Scott Hague

Wonderful debate can be an extremely enriching and fulfilling pursuit. In our communities, academic environments, places of work and families, taking time to view any discussion through an opposing lens can be enlightening and, yes, fun. For some time, we have all heard about the narrowing of our political and social scope because of self-serving social and news media. Particularly for Colgate, I applaud the University’s efforts to restore a debate society and encourage more, not less, rigorous debate on campus, both in the classroom and the social realm.

I had the opportunity to meet my first-year roommate well before stepping foot on campus. We were introduced by a mutual friend, who met him at a summer camp at the end of our high school junior year. It turned out that we had both decided to apply early decision to Colgate, had a strikingly similar physical appearance (though he is much better looking) and were both accomplished, or at least very active, in debate.

We met again at a debate tournament in the fall of our senior year of high school in Des Moines, IA, where we were arguing radically different cases, and discovered our radically different political views. Upon reuniting in the lobby of Dodge Hall the first night of our Colgate careers, we immediately became the best of friends despite that fact.

The fall of our first year was also the year of a presidential election. After rigorous debate, we co-authored an article in the Colgate Maroon-News about how despite our opposing historical perspectives, we both supported the same candidate (although we eventually voted differently). At the risk of alienating my family, who was convinced that this liberal arts institution had radicalized me, he and I both had a long call with my father and older brother debating the merits of that decisiona phone call I will always remember, not because it was contentious, though heated at times, but because it was... fun.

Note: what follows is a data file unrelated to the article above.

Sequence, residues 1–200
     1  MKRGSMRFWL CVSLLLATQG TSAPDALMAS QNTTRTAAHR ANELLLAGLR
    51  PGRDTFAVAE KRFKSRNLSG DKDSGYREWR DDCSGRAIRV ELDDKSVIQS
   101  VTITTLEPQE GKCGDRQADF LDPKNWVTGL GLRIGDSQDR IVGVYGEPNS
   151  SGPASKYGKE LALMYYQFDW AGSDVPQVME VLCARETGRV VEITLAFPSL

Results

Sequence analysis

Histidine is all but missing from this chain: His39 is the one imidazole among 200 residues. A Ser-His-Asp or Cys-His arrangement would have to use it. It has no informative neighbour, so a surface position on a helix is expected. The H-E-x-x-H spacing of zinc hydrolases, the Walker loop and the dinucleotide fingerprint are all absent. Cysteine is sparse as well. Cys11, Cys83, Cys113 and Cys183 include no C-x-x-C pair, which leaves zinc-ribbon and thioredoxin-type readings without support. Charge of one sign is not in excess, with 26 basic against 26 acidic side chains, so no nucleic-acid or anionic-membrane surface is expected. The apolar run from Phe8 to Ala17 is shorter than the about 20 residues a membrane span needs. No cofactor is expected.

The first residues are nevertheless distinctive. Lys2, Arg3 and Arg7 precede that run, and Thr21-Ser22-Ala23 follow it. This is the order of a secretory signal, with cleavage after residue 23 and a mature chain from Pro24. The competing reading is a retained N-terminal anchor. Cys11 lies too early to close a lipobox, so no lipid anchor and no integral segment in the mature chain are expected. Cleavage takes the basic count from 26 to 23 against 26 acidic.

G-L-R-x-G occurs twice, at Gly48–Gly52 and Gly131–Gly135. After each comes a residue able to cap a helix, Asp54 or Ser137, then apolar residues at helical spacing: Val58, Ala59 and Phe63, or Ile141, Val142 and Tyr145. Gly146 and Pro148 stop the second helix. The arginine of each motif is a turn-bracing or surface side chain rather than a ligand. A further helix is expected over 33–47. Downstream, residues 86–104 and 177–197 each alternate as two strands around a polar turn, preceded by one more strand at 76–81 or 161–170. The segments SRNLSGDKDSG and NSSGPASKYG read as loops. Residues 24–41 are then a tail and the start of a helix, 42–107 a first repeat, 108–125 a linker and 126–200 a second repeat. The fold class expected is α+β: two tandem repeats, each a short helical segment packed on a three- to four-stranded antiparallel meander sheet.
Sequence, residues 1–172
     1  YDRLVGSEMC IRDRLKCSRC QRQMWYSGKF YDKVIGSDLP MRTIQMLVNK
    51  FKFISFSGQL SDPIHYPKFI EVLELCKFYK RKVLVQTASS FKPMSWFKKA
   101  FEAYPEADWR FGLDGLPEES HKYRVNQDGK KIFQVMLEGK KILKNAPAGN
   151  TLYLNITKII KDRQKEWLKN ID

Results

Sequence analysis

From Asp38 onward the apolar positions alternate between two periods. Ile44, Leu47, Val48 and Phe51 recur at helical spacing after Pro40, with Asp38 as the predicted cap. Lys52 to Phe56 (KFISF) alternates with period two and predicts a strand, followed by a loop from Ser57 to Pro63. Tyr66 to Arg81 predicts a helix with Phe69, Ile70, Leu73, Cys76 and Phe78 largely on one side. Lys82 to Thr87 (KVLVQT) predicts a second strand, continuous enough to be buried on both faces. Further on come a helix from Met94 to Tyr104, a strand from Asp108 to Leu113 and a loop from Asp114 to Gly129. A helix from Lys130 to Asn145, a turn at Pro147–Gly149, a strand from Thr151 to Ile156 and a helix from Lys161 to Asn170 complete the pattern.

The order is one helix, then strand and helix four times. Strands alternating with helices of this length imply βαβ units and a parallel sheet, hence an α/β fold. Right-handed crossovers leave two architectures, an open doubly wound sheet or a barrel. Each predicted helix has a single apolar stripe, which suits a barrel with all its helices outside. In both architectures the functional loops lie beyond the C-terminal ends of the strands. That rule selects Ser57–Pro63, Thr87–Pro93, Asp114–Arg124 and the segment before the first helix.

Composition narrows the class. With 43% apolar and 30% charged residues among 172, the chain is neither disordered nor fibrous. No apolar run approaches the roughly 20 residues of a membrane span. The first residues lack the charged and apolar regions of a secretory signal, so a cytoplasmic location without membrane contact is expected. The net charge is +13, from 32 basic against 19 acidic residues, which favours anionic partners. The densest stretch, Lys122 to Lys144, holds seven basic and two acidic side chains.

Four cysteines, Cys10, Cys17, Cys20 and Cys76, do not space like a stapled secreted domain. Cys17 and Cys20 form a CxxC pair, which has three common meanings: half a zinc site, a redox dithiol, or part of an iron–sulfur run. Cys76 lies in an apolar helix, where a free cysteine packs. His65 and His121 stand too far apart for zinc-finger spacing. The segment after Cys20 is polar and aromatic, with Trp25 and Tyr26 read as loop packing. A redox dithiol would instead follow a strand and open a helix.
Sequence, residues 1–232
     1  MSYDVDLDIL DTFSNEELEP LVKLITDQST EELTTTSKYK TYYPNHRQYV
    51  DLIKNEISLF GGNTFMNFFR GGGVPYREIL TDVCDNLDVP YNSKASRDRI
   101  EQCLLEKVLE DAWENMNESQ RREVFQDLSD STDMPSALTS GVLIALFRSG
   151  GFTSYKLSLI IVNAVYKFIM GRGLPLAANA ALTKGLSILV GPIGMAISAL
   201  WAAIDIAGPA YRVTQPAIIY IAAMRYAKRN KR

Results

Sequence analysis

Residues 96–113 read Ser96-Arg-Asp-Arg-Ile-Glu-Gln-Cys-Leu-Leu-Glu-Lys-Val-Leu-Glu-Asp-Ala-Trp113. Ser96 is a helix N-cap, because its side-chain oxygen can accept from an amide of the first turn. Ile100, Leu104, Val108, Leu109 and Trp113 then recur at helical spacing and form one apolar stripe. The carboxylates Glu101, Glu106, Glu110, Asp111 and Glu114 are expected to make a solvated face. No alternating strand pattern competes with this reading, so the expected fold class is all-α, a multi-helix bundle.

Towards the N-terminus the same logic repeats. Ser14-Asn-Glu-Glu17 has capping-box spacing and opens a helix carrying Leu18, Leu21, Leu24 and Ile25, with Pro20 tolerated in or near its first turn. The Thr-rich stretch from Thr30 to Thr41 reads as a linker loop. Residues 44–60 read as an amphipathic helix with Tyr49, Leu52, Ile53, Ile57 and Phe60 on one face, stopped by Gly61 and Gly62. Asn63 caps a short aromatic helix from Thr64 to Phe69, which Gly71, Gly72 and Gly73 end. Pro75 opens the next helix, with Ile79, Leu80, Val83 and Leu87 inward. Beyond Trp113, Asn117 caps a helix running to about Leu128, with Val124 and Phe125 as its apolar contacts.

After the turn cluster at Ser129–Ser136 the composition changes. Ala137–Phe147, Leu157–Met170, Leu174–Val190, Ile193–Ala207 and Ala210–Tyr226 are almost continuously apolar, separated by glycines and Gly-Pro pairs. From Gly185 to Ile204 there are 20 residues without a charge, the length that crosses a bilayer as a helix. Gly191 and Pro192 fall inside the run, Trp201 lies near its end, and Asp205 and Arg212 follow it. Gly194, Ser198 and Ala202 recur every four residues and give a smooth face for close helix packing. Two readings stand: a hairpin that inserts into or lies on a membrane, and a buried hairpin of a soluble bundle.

I found my time at Colgate to be extremely rewarding. On campus, some of my finest memories were in Professor Kraynak’s classroom, where a group of loyal students from opposing sides of the political spectrum actively sought out his courses repeatedly because they were so intellectually engaging. Not surprisingly, some of his best (clearly, not me) and most loyal students were political polar opposites of him. Off campus, my experiences were no different. Great debates over politics, sports and music, among other things, shaped my college experience. To this day, we maintain an email chain among six of my closest Colgate friends (three left, three right) debating any number of topics, that is active almost daily, and on good topics hourly.

In my professional life, I have encouraged teams in preparation for a meeting to take the view of a firm competing for our business. Often, as we did back in high school preparing for a debate, we will do a mock pitch to allow for critique and improvement. Taking the time to think about an opportunity through that lens makes you more prepared, more aware and in many cases more respectful of the competition.

That has generally been my experience with a great debate. The practice of being forced to look at and argue the merit of both sides of an issue is educational and enlightening. It also has the additional benefit in many cases of diffusing the emotional elements of a discussion. It is hard to say that there is a solution in this time of tribalism and extreme partisanship, where views are too often shaped by self-serving narratives and sound bites, but I have to imagine a good place to start is a debate. I’ll take the opposing side.

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